The word “Islam” literally stems from the Arabic word for peace, indicating making peace with God, with oneself and with His creations through submission to God and commitment to His guidance.
Islam is not a new religion but the final culmination and fulfilment of the same basic truth that God revealed through all His prophets to every nation.
Islam is no longer a foreign and strange religion practised by people living in other countries. It is very much a part of every day life for many Britons. In fact, the majority of Muslims in Britain were born here. Islam commands its followers to respect, preserve and strengthen all that is good in British society. Furthermore, it gives them the sense and inner strength to resist and change those aspects of the society which weaken its human character.
For further information about Islam and its beliefs, see:
Islam is Peace
and Islam Awareness Week www.iaw.org.uk
Muslims in Britain today
The UK’s 1.6 million Muslims consist of a diverse community, representing many backgrounds, colours and languages. Outside of the Hajj, the pilgrimage in which Muslims congregate, Britain's Muslim community is perhaps the most diverse faith community on earth. They can be found in every field and walk of life, and play their part in contributing to Britain 's wealth and culture at all levels.
A long history...
Of all the countries of Western Europe Britain has always had a “special relationship” with the Muslim world. Initially, Muslims landed on these Isles as explorers and traders. Trade was so important to King Offa of Mercia, a powerful Anglo-Saxon king of the 8th century famous for building Offa’s dyke, that his coins have the inscription of the declaration of faith of Islam (There is no god but Allah) in Arabic.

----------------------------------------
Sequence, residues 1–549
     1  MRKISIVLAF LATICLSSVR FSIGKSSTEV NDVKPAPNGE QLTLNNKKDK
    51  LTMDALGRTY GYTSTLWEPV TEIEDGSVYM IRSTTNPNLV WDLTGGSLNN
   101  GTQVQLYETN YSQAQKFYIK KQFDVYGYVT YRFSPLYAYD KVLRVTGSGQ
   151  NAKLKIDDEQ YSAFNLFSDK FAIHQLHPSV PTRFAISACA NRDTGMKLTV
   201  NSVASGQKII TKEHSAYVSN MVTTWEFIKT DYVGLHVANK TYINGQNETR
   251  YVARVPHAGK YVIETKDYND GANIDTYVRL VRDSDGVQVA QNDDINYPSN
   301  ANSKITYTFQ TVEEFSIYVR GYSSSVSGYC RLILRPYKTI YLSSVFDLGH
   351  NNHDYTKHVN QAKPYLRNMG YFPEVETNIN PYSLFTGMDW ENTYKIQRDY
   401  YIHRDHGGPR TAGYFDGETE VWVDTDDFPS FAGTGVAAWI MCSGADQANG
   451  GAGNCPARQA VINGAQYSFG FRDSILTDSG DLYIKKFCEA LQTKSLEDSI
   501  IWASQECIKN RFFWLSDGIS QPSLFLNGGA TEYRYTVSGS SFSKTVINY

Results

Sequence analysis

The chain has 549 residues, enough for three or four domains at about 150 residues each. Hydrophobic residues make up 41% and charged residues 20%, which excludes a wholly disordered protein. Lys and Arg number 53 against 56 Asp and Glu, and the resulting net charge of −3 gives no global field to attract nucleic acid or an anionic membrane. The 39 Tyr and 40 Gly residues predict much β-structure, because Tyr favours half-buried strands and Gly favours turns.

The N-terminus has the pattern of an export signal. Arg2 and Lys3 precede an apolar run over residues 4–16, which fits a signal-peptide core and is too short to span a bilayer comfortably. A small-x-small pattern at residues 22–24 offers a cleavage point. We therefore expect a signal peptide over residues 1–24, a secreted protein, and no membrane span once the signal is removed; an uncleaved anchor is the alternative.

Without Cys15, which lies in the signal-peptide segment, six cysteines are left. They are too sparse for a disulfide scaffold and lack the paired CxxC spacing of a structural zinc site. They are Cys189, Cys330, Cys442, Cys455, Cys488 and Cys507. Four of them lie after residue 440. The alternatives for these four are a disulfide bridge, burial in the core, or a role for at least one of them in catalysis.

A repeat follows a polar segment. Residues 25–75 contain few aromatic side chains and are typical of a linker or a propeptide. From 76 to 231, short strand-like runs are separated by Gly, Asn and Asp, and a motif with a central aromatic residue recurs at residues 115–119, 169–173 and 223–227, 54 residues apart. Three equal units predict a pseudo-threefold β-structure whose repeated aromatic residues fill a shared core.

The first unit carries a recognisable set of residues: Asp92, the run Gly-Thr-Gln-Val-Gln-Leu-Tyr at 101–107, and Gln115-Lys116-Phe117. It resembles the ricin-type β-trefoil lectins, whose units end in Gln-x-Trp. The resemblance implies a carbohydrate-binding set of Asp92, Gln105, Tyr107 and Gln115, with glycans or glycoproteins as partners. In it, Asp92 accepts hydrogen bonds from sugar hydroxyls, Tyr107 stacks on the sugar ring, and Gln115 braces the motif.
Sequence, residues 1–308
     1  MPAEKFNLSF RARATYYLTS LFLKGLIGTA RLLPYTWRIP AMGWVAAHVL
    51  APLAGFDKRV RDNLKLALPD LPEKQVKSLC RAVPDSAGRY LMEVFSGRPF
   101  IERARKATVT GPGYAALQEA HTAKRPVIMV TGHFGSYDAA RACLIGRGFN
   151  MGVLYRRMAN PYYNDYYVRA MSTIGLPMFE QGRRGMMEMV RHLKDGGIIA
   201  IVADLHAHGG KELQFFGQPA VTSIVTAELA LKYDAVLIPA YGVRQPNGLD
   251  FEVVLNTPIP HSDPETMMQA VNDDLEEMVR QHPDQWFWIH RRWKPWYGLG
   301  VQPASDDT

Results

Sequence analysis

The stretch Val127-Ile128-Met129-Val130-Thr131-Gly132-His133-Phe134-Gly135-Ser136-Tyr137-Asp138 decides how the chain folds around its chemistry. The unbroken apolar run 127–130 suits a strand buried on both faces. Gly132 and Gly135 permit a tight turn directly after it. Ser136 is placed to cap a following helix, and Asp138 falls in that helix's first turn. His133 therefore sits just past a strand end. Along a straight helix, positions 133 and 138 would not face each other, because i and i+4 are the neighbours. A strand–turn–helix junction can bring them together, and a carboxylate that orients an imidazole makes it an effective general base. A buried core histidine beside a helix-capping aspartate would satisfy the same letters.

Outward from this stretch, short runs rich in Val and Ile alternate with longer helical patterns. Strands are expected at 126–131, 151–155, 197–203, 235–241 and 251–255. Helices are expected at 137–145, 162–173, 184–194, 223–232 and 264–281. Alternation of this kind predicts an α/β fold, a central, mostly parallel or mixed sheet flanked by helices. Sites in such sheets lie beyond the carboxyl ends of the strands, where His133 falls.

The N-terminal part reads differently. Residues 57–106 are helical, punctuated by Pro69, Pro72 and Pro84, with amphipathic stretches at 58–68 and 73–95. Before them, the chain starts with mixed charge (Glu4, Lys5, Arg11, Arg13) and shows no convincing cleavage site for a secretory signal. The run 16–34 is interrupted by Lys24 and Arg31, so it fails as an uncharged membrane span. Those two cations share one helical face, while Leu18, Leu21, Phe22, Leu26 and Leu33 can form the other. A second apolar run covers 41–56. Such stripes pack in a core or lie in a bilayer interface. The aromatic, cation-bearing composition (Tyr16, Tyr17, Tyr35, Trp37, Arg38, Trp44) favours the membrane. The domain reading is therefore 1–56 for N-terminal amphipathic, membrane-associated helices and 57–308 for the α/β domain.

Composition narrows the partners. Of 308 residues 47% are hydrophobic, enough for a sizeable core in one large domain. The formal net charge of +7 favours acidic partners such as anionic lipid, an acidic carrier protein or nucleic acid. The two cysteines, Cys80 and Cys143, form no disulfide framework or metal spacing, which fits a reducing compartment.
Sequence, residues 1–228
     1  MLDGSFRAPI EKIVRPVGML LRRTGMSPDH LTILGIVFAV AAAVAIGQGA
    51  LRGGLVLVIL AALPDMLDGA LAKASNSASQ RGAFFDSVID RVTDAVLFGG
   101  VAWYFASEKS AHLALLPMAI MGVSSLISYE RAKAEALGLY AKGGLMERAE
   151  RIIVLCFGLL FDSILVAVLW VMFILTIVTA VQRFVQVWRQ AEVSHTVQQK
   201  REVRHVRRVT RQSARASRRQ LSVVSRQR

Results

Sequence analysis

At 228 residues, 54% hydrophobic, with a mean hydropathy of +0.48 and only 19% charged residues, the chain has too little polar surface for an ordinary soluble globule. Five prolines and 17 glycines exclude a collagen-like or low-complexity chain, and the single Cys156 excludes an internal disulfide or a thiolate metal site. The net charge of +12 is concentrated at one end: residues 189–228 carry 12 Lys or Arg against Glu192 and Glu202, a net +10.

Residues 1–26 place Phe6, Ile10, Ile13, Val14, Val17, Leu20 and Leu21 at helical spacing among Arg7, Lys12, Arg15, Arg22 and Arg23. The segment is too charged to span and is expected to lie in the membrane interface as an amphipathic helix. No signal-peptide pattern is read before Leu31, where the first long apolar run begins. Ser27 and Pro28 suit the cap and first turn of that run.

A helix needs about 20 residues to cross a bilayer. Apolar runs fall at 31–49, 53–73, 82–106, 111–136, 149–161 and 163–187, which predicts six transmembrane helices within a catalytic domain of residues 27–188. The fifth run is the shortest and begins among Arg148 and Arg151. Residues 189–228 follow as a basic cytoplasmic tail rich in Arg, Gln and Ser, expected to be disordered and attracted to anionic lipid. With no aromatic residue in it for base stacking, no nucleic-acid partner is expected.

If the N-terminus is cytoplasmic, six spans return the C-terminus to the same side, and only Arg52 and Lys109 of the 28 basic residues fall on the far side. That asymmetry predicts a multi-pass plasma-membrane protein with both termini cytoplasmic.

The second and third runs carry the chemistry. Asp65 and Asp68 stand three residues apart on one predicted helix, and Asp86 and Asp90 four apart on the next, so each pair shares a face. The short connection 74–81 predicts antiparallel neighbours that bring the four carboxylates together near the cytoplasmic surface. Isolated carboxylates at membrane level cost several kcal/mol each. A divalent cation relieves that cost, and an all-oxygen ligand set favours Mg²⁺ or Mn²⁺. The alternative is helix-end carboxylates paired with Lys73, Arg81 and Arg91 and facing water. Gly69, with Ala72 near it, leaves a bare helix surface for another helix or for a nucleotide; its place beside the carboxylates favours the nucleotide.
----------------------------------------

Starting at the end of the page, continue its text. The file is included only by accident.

Later the relationship was dominated by the Crusades and the Brits played their part. For instance, the sacking of the Muslim city of Lisbon in 1147 during which perhaps 150,000 Muslims were massacred, was largely the work of soldiers from Norfolk and Suffolk. But England was the first country in Europe where medieval images of Islam were later to be challenged.
By the 14th century following the crusades and the introduction of several Muslim cultural traditions into British life, from the paisley to the arch to spices and the very concept of chivalry, the Muslim world was admired and respected for its scholarship and advances in all fields of knowledge. Muslim scholarship such as that of Razi, Avicenna (Ibn Sina) and Averroes (Ibn Rushd) formed the backbone of intellectual and scholarly life in Britain.